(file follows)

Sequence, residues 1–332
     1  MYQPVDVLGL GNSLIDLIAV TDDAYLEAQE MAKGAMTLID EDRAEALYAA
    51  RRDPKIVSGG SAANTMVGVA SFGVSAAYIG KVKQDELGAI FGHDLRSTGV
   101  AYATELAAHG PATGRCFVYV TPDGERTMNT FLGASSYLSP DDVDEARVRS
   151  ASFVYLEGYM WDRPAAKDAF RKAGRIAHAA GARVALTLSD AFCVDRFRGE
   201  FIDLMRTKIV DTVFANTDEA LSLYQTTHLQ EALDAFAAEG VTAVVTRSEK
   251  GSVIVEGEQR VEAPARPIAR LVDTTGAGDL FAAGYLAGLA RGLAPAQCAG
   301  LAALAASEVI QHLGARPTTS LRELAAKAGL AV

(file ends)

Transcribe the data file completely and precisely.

Sequence, residues 1–332
     1  MYQPVDVLGL GNSLIDLIAV TDDAYLEAQE MAKGAMTLID EDRAEALYAA
    51  RRDPKIVSGG SAANTMVGVA SFGVSAAYIG KVKQDELGAI FGHDLRSTGV
   101  AYATELAAHG PATGRCFVYV TPDGERTMNT FLGASSYLSP DDVDEARVRS
   151  ASFVYLEGYM WDRPAAKDAF RKAGRIAHAA GARVALTLSD AFCVDRFRGE
   201  FIDLMRTKIV DTVFANTDEA LSLYQTTHLQ EALDAFAAEG VTAVVTRSEK
   251  GSVIVEGEQR VEAPARPIAR LVDTTGAGDL FAAGYLAGLA RGLAPAQCAG
   301  LAALAASEVI QHLGARPTTS LRELAAKAGL AV